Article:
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Rapid identification of thousands of copperhead snake (Agkistrodon contortrix) microsatellite loci from modest amounts of 454 shotgun genome sequence

Authors

  • TODD A. CASTOE,

    1. Consortium for Comparative Genomics, Department of Biochemistry and Molecular Genetics, University of Colorado School of Medicine, Aurora, CO 80045, USA
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  • ALEXANDER W. POOLE,

    1. Consortium for Comparative Genomics, Department of Biochemistry and Molecular Genetics, University of Colorado School of Medicine, Aurora, CO 80045, USA
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  • WANJUN GU,

    1. Consortium for Comparative Genomics, Department of Biochemistry and Molecular Genetics, University of Colorado School of Medicine, Aurora, CO 80045, USA
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    • §

      Present address: Key Laboratory of Child Development and Learning Science, Southeast University, Ministry of Education, Nanjing 210096, China.

  • A. P. JASON de KONING,

    1. Consortium for Comparative Genomics, Department of Biochemistry and Molecular Genetics, University of Colorado School of Medicine, Aurora, CO 80045, USA
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  • JUAN M. DAZA,

    1. Consortium for Comparative Genomics, Department of Biochemistry and Molecular Genetics, University of Colorado School of Medicine, Aurora, CO 80045, USA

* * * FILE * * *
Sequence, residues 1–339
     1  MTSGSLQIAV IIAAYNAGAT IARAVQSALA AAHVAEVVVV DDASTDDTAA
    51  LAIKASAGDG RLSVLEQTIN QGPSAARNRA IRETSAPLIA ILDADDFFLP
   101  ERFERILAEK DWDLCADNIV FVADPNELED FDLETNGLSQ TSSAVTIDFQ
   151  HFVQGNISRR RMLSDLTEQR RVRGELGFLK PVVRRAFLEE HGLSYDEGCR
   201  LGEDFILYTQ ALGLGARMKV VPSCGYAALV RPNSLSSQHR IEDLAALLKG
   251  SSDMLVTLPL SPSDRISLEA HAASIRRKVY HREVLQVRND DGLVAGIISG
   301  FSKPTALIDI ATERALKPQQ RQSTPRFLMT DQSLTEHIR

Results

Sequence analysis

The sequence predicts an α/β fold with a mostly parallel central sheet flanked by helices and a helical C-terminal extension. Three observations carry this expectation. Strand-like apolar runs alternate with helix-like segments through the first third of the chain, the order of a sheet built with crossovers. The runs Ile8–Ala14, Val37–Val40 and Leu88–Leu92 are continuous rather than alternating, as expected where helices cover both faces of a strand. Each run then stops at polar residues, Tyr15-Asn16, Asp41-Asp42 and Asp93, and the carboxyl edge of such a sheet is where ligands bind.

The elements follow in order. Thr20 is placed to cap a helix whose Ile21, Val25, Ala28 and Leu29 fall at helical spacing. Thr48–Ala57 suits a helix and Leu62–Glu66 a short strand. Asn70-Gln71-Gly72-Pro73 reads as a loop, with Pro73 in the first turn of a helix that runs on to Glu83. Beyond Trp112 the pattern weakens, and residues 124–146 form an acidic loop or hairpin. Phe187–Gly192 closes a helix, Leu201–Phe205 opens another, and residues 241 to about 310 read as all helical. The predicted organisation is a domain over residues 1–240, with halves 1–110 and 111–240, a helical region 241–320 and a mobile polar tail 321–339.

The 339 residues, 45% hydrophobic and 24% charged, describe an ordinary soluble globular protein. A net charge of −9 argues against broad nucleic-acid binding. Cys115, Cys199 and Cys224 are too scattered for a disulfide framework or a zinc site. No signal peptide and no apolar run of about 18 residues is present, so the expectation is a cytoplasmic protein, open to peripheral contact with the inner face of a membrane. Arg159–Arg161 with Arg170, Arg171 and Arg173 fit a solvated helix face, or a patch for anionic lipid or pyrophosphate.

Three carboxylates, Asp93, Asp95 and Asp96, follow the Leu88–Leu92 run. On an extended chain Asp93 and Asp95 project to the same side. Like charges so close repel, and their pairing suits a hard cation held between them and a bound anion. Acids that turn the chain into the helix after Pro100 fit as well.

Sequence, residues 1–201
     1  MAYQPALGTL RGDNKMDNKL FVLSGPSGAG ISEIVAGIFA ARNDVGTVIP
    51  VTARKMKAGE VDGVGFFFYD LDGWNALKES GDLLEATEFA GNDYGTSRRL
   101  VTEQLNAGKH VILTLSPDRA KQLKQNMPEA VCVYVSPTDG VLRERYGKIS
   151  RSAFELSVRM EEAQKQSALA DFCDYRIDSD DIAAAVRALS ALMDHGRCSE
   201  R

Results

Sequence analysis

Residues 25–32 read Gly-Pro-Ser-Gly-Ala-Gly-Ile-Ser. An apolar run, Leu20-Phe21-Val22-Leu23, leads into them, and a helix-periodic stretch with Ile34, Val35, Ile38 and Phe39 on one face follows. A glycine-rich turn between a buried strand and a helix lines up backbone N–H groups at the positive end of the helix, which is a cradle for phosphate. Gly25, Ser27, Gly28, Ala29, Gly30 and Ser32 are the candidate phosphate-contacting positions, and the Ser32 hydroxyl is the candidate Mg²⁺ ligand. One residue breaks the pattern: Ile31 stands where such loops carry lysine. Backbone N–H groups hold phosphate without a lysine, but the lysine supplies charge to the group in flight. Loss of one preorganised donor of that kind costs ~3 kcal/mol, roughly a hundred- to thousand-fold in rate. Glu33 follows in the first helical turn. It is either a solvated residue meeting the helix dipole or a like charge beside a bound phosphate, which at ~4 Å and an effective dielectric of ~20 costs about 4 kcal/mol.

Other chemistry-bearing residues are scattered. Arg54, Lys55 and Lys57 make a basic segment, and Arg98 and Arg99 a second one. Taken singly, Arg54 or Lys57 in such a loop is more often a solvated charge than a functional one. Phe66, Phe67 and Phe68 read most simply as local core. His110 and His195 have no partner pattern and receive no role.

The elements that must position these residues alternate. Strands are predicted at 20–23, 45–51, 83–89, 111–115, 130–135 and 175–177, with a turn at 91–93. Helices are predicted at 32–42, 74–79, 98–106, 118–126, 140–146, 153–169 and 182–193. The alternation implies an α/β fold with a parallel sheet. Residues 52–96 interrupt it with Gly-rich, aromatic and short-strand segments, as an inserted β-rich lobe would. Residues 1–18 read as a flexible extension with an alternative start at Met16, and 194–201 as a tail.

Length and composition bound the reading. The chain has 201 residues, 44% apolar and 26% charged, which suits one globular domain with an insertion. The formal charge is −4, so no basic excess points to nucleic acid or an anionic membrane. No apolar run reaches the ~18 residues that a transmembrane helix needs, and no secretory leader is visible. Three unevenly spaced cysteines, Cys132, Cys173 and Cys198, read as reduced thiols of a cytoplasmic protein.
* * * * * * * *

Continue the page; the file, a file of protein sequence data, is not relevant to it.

2. Department of Biology, University of Central Florida, 4000 Central Florida Blvd., Orlando, FL 32816, USA
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  • ERIC N. SMITH,

    1. Department of Biology & Amphibian and Reptile Diversity Research Center, The University of Texas at Arlington, Arlington, TX 76019, USA
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  • DAVID D. POLLOCK

    1. Consortium for Comparative Genomics, Department of Biochemistry and Molecular Genetics, University of Colorado School of Medicine, Aurora, CO 80045, USA
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  • The first two authors contributed equally.

David D. Pollock, Fax: +1 303 724 3215; E-mail: david.pollock@ucdenver.edu

Abstract

Optimal integration of next-generation sequencing into mainstream research requires re-evaluation of how problems can be reasonably overcome and what questions can be asked. One potential application is the rapid acquisition of genomic information to identify microsatellite loci for evolutionary, population genetic and chromosome linkage mapping research on non-model and not previously sequenced organisms. Here, we report on results using high-throughput sequencing to obtain a large number of microsatellite loci from the venomous snake Agkistrodon contortrix, the copperhead. We used the 454 Genome Sequencer FLX next-generation sequencing platform to sample randomly ∼27 Mbp (128 773 reads) of the copperhead genome, thus sampling about 2% of the genome of this species. We identified microsatellite loci in 11.3% of all reads obtained, with 14 612 microsatellite loci identified in total, 4564 of which had flanking sequences suitable for polymerase chain reaction primer design. The random sequencing-based approach to identify microsatellites was rapid, cost-effective and identified thousands of useful microsatellite loci in a previously unstudied species.

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